The reading, of late:
Death of Riley, by Rhys Bowen. Slight mystery set in nineteenth-century New York. It was okay; nothing memorable.
Armadale, by Wilkie Collins. Oh, Wilkie. It's no Woman in White, but it's still delicious. There is actually a chapter entitled "The Plot Thickens" (ironically, that particular chapter caused very little to thicken). It starts very, very slowly, but once the villainess showed up I couldn't put it down. She is wonderful. Melodrama! Coincidence! Disasters at sea! Foreboding dreams! A kick-ass female character! Fabulous stuff.
Sex with Kings: 500 Years of Adultery, Power, Rivalry, and Revenge, by Eleanor Herman. A book about royal mistresses through history. It contained some interesting and juicy stuff, but Herman came across as so incredibly judgy about sex that the book's topic seemed a virtually nonsensical one for her to choose. (She also includes a postscript about how her second marriage has worked where her first didn't because of what she learned from royal mistresses: always put the man and his interests first, basically, and never show him you're having a bad day. Gaaaaagh.)
A Serpent's Tooth, by Craig Johnson. A solid entry in his Walt Longmire series, although the instant the male characters start remarking of a female character, "Have you noticed that she's a bit emotional lately?" I rolled my eyes back into my head. I will have you know, writers, that I have been female for almost thirty-seven years, and a good majority of that time I have been emotional as hell while also, amazingly, not being pregnant. A female character could be emotional because she has family concerns, or financial worries, or her job is preoccupying her, or for any of the reasons that a male character might not quite be himself either. But noooo, it's always that she got knocked up. (I refuse to consider that a spoiler, because the first time someone mentions it is roughly ten pages in, and if you have read any books before it's completely obvious what Johnson's point is.)
Pym, by Mat Johnson. This book is insane. And insanely good. The premise is that a fired English professor discovers a manuscript proving the historical veracity of Edgar Allen Poe's Narrative of Gordon Pym (which is recapped deftly, so you don't have to have read it), and puts together an all African-American crew to travel to Antarctica and look for the locations Poe describes. Johnson is an amazing and hilarious writer, and his riffs on literature and being black in America were my favorite part of the book. The plot is utterly deranged, although never less than engrossing. I tore through this and would highly recommend it, even though a dog disappears with no explanation (given its potential fates, I was frankly relieved to be spared detail).
The Fallen, by Jessy Mackenzie. Mystery set in South Africa. Should have had potential but was just dull and over-long.
Zelda: A Biography, by Nancy Milford. I knew very little about Scott and Zelda Fitzgerald prior to reading this, other than that they seemed like exhausting people to be around. This book certainly reinforced that, but in a compassionate way. They were so, so young, after all. The last third dragged, given that it was just endless excerpts from Zelda's novel Save Me the Waltz, which was kind of a hot mess, but I found the book interesting overall.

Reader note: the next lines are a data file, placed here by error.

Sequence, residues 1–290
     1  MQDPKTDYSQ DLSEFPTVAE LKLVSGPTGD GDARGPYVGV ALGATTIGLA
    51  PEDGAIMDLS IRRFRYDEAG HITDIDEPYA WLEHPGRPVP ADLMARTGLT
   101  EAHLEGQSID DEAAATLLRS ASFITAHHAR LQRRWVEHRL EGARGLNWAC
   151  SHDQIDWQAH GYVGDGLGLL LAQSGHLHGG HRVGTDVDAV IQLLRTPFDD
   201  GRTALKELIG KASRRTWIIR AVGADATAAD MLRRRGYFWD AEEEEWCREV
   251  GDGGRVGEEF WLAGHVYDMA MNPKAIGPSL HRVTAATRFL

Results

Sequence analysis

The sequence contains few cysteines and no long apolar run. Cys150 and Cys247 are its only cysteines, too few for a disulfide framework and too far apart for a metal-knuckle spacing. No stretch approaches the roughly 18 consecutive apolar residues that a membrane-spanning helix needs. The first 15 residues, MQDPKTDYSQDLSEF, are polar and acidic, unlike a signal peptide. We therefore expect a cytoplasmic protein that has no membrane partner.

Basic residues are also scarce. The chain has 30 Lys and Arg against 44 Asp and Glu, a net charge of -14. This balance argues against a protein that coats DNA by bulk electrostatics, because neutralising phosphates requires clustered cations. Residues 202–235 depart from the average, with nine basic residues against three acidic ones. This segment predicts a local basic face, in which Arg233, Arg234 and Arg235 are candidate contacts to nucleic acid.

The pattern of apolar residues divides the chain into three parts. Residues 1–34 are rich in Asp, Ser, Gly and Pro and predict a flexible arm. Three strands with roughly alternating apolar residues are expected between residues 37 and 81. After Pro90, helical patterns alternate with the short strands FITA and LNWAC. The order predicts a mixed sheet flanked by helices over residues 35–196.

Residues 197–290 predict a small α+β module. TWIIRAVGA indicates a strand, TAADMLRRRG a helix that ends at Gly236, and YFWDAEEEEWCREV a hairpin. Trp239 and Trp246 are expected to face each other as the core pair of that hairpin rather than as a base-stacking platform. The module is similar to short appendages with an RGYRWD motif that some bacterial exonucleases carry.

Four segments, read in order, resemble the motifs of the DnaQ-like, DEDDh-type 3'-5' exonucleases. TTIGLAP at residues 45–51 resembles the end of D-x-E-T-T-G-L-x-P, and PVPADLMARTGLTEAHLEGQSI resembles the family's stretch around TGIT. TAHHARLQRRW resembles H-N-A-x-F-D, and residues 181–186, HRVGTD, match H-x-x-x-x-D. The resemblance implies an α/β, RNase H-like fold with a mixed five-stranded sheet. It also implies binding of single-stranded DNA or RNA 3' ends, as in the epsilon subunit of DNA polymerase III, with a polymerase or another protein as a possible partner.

Mind's Eye, by Hakan Nesser. Scandinavian mystery. So dark and cold. I don't feel the urge to continue with the series.
Writers Between the Covers: The Scandalous Romantic Lives of Legendary Literary Casanovas, Coquettes, and Cads, by Joni Rendon. My Early Reviewers book, and rather fun. Short, dishy little chapters, perfect for bathroom reading. From the cover and the blurb, it seemed like it was all going to be about ladies' men, but equal time is given to homosexual and bisexual writers, which I appreciated.
Americana: Dispatches from the New Frontier, by Hampton Sides. Essays from a writer I love about the craziest aspects of America. Some are from the early 1990's and haven't aged as well as one would like, but Sides' writing is never anything but great. The essay about Santa Fe, where he lives, had me on the verge of packing the car and heading west; and the last section, with three essays about 9/11 and the Iraq war, was wrenching. I cried.
So what have I been doing lately? Other than reading my butt off, clearly. Well, Berowne is almost completely moved in, which is utterly wonderful. I have been dealing with anniversary-emotions: October 17 was the day Claudio left, and even though it's been three years and it was 100% for the best, every late October I get smacked with a big ol' dose of You Are Not Good Enough and there are a lot of ranting journal entries and some crying. (I believe I actually said, and meant, "Anyone else would have done everything better than I have!" to Berowne, who was kind enough to not laugh. Much.)
But things are good. The dogs are happy and getting more walks; I am being fed by a ridiculously good cook; the dryer and the porch railing are fixed. In three weeks I get married again, which is madness and also just about the easiest decision I ever made. No complaints around here.